PubMed Abstract | CrossRef Full Text | Google Scholar

2. Lopez-Herrera G, Tampella G, Pan-Hammarström Q, Herholz P, Trujillo-Vargas CM, Phadwal K, et al. Deleterious mutations in LRBA are associated with a syndrome of immune deficiency and autoimmunity. Am J Hum Genet (2012) 90(6):986–1001. doi: 10.1016/j.ajhg.2012.04.015

PubMed Abstract | CrossRef Full Text | Google Scholar

3. Martinez-Jaramillo C, Trujillo-Vargas CM. Dissecting the localization of lipopolysaccharide-responsive and beige-like anchor protein (LRBA) in the endomembrane system. Allergologia Immunopathologia (2020) 48(1):8–17. doi: 10.1016/j.aller.2019.07.011

CrossRef Full Text | Google Scholar

4. Lo B, Zhang K, Lu W, Zheng L, Zhang Q, Kanellopoulou C, et al. Patients with LRBA deficiency show CTLA4 loss and immune dysregulation responsive to abatacept therapy. Science (2015) 349(6246):436–40. doi: 10.1126/science.aaa1663

PubMed Abstract | CrossRef Full Text | Google Scholar

5. Gámez-Díaz L, Ligeon L, Sindram E, Deau M, Sanchez-Martin P, Nestel S, et al. LRBA balances antigen presentation and T-cell responses byfacilitating autophagy through the binding to PIK3R4 and FYCO1. bioRxiv (2022). doi: 10.1101/2022.10.17.512524.

CrossRef Full Text | Google Scholar

Keywords: Familial hemophagocytic Lymphohistiocytosis, cytotoxic lymphocytes, natural killer (NK) cells, secretory lysosome trafficking, LRBA deficiency, autophagy, lysosomal-trafficking regulator (LYST), Chediak-Higashi Syndrome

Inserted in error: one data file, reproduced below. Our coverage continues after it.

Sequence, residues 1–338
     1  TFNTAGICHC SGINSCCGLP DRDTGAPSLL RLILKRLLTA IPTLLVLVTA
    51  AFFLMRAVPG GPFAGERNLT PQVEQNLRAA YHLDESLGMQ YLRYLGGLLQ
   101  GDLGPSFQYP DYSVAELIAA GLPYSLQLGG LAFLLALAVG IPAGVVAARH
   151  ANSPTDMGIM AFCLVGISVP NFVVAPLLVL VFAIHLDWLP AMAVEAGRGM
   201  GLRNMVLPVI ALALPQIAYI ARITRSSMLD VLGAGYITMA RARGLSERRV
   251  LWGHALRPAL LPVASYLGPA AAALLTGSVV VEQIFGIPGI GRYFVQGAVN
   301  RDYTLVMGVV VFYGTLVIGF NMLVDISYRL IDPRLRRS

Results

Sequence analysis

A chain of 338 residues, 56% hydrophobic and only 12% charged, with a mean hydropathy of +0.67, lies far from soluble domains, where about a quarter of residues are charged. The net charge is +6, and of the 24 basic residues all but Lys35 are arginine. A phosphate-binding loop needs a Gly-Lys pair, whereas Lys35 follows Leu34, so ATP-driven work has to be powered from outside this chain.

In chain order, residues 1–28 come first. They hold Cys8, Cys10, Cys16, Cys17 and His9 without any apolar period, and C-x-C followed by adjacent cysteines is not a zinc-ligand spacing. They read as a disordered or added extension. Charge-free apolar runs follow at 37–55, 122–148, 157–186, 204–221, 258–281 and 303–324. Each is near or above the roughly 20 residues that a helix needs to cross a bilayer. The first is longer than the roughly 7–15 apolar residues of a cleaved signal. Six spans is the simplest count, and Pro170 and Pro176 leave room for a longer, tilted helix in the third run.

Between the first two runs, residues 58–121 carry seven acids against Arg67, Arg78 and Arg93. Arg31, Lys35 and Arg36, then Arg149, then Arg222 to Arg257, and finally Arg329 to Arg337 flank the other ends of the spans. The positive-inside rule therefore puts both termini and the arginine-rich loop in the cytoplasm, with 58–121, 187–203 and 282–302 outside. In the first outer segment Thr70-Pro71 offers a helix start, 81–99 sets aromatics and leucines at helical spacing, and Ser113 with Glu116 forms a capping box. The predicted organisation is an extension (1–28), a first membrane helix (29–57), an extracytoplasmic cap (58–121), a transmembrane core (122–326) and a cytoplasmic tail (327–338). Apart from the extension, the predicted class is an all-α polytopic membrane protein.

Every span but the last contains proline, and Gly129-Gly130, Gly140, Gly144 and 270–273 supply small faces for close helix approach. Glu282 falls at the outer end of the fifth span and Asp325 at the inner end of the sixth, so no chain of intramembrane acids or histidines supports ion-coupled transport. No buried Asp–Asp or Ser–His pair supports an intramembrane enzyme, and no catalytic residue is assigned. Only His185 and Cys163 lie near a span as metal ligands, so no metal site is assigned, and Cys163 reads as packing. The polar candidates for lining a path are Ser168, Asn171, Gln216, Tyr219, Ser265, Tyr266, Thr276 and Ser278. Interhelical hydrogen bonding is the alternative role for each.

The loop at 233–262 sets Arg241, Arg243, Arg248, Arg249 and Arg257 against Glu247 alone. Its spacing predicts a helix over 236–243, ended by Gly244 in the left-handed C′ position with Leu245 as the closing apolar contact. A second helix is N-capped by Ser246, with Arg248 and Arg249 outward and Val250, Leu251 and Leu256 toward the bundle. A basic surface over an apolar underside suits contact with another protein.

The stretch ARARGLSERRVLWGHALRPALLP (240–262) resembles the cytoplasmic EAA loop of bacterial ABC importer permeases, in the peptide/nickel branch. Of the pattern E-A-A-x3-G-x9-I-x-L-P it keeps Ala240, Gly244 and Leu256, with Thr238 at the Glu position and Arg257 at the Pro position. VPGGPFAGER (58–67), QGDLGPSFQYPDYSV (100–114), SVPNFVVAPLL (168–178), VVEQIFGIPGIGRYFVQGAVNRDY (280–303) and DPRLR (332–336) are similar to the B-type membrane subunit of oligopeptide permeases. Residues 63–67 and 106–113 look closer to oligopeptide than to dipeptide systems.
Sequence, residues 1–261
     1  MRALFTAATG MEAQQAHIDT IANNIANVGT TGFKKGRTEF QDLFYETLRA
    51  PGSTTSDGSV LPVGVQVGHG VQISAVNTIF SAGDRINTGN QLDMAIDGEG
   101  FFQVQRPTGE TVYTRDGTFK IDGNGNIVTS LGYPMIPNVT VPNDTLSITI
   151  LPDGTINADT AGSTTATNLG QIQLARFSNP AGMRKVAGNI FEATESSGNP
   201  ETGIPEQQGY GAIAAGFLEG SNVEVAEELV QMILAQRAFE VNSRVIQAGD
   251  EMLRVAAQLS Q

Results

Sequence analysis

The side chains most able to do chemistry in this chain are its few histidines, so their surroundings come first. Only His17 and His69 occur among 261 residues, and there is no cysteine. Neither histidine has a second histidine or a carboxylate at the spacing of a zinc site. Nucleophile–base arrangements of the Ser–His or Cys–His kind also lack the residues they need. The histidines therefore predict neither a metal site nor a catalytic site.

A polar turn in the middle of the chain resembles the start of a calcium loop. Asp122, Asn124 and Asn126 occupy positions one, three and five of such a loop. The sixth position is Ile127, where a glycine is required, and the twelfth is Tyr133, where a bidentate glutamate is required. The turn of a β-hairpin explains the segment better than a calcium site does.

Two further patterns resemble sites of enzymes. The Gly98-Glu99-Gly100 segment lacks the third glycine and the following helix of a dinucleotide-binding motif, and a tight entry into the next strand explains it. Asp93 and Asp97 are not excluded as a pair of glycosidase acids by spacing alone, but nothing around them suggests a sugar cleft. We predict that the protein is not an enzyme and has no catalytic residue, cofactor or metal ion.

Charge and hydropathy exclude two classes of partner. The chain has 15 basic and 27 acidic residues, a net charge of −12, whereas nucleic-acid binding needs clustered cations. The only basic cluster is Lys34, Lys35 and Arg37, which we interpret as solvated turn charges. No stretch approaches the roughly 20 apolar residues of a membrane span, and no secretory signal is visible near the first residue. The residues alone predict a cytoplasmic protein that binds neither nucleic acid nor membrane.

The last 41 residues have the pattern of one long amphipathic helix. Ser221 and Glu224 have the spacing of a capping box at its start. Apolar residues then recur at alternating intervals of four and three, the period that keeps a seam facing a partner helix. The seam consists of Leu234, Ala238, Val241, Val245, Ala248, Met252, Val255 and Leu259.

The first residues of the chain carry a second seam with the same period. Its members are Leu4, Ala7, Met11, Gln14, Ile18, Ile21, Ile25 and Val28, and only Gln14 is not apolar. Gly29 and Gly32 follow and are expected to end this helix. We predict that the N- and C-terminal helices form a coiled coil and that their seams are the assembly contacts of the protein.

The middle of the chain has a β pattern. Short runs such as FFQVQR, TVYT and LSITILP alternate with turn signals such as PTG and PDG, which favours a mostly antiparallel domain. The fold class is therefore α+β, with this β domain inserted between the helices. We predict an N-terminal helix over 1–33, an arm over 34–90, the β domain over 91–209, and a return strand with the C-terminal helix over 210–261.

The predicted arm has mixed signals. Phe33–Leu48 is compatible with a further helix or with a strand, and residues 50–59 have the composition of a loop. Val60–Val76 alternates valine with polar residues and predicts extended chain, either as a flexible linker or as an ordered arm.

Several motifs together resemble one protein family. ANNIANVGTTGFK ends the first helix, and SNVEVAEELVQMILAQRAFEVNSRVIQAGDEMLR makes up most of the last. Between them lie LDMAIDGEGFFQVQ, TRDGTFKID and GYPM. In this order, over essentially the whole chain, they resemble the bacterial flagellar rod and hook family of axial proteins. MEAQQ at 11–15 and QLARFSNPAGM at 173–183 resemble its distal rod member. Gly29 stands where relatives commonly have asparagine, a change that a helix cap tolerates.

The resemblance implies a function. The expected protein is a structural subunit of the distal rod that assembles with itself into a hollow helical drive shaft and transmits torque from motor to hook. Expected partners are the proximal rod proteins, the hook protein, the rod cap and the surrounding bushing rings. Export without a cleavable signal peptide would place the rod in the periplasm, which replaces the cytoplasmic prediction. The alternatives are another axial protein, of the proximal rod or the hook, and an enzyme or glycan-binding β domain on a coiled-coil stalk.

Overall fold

Citation: Trujillo-Vargas CM (2023) Editorial: Intracellular trafficking in lymphocytes: the role of inner crowds in determining cell fate. Front. Immunol. 14:1212138. doi: 10.3389/fimmu.2023.1212138

Received: 25 April 2023; Accepted: 04 May 2023;
Published: 17 May 2023.

Edited and Reviewed by:

Mariolina Salio, Immunocore, United Kingdom

Copyright © 2023 Trujillo-Vargas. This is an open-access article distributed under the terms of the Creative Commons Attribution License (CC BY). The use, distribution or reproduction in other forums is permitted, provided the original author(s) and the copyright owner(s) are credited and that the original publication in this journal is cited, in accordance with accepted academic practice. No use, distribution or reproduction is permitted which does not comply with these terms.

*Correspondence: Claudia M. Trujillo-Vargas,

ORCID: Claudia M. Trujillo-Vargas,

Disclaimer: All claims expressed in this article are solely those of the authors and do not necessarily represent those of their affiliated organizations, or those of the publisher, the editors and the reviewers. Any product that may be evaluated in this article or claim that may be made by its manufacturer is not guaranteed or endorsed by the publisher.